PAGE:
Task forces charged with critiquing the Air Force’s nuclear enterprise — including one led by former Defense Secretary James Schlesinger — have consistently faulted the service’s nuclear inspection regime.

“Over the past 10 years, inspection pass rates point to anomalies that indicate a systemic problem in the inspection regime,” according to the Schlesinger report.

The existence of nuclear weapons in the hands of any regime threatens everyone, everywhere. Even the “good guys” are fallible. The Air Force’s poor nuke security record means we have poor assurances that we, and not some lunatic, will be in charge of picking which cities in which to slaughter whole civilian populations.

To quote the most famous political ad of all time (LBJ’s campaign, no less):

“These are the stakes:  to make a world in which all of God’s children can life, or to go into the dark.  We must either love each other, or we must die.”

Violence, even the weapons of ultimate violence, cannot prevent each of us from dying. The American nuclear arsenal serves as a talisman against the fear of other countries, of their ability to harm us, to end our lives. The cruel twist in the story is that we are so afraid of death that we’ve created tools to ward it off that may kill all of us.

Meltdown

Posted: October 13, 2008 in Uncategorized
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James Carroll penned a great op-ed about a little-noticed document slipped into the president’s in-box as the financial meltdown distracted everyone:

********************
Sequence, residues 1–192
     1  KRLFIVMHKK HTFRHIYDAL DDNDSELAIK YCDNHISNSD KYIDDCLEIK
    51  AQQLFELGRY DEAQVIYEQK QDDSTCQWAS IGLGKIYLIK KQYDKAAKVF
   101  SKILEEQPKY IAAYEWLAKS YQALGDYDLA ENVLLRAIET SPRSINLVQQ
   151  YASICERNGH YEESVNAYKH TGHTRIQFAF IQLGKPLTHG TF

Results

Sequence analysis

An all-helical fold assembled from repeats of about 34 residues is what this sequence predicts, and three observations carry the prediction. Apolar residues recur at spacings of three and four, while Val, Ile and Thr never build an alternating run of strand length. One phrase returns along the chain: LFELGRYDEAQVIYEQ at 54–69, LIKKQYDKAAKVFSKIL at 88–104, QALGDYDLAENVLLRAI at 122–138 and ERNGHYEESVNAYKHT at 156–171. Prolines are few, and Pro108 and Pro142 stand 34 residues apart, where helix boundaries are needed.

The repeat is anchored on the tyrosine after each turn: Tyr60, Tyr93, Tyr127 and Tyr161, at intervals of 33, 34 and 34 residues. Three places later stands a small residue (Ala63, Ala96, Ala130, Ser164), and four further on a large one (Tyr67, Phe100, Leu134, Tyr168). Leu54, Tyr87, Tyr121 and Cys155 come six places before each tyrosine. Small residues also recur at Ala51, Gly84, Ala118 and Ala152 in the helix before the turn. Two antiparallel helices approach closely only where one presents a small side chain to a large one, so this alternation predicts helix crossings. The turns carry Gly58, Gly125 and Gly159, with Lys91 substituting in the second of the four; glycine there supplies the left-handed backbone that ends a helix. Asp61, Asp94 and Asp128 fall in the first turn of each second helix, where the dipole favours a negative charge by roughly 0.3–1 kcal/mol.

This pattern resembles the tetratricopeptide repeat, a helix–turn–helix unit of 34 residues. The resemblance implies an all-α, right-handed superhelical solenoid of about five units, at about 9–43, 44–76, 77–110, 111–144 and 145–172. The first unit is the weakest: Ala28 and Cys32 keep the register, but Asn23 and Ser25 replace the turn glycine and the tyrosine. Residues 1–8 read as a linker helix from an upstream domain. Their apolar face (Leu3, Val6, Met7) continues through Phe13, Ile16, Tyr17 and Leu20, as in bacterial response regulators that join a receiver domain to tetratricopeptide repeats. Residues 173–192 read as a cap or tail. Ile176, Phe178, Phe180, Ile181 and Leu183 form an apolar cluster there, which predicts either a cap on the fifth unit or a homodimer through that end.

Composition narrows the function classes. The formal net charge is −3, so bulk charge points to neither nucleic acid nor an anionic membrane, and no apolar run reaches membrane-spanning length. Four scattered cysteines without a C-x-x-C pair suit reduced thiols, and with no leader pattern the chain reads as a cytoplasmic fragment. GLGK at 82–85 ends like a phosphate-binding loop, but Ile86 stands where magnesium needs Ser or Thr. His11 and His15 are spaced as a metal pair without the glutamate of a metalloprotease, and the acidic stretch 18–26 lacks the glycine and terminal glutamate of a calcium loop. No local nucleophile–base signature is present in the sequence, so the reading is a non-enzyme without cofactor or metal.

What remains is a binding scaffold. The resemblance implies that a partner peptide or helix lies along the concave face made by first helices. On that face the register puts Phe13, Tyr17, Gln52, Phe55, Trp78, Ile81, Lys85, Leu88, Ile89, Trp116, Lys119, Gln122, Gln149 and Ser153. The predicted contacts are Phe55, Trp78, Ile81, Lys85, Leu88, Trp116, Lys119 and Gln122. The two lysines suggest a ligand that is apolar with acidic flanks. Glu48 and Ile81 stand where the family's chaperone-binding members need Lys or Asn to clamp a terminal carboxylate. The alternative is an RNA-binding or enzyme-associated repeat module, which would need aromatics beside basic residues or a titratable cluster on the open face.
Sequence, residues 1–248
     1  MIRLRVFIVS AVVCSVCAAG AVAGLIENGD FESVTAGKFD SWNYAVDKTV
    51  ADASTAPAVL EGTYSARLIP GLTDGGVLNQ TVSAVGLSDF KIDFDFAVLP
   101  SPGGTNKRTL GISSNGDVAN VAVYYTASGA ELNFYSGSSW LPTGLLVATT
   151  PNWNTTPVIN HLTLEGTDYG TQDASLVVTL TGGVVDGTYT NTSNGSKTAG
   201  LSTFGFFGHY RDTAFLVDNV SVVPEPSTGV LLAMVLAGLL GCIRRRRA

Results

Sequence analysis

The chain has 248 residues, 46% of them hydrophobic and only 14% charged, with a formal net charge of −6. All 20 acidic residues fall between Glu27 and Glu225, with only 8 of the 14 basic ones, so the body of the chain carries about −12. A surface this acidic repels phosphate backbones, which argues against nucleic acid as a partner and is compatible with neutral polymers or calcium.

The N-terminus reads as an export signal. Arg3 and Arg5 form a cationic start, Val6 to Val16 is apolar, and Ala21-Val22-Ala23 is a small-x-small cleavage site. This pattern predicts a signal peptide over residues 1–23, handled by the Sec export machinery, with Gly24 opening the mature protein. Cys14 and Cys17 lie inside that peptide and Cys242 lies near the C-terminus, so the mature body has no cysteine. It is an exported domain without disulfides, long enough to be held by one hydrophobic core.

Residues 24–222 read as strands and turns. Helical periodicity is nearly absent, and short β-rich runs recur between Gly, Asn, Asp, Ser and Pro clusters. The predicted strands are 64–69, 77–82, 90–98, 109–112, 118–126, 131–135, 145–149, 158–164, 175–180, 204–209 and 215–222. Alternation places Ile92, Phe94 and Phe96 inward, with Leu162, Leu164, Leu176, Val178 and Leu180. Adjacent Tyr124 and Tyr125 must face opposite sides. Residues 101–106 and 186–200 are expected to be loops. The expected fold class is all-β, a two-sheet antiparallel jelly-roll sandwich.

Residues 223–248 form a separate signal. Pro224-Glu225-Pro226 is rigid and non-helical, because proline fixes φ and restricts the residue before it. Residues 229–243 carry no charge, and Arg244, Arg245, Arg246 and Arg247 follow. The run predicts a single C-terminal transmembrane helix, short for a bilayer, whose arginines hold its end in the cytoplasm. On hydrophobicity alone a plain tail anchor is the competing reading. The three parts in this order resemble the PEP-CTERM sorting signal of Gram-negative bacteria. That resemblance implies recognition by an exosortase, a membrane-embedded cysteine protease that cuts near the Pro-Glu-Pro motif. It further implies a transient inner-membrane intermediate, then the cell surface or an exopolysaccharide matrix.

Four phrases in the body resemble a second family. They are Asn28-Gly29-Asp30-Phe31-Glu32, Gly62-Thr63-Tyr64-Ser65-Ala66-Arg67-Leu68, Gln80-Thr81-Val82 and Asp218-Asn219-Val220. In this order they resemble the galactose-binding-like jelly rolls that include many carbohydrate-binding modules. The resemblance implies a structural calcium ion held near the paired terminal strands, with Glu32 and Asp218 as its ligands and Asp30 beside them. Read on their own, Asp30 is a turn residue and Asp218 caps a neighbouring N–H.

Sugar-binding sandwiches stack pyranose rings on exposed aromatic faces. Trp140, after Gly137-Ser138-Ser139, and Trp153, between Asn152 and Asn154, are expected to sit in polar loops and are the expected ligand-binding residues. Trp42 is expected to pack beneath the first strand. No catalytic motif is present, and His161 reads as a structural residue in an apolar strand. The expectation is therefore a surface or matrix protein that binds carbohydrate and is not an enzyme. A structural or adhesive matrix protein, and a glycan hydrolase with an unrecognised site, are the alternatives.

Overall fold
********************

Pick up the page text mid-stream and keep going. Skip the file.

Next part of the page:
Last week’s financial metaphor was also last week’s all but ignored real problem, as America was encouraged to take a large step in the direction of the ultimate meltdown of nuclear war. Over the signatures of Secretary of Defense Robert M. Gates and Secretary of Energy Samuel W. Bodman, the government released the statement “National Security and Nuclear Weapons in the 21st Century.” In brief, the two officials argue that the time has come for the development of a new nuclear weapon, the so-called Reliable Replacement Warhead. Because “nuclear weapons remain an essential and enduring element” of American military strategy, the aging arsenal of several thousand deployed nukes (and many more “stored”) must be replaced.

Gates-Bodman are correct to want this issue on top of the next administration’s agenda, and they are correct in their implicit argument that the time has come for US ambivalence to end. But they are dead wrong in how to end it.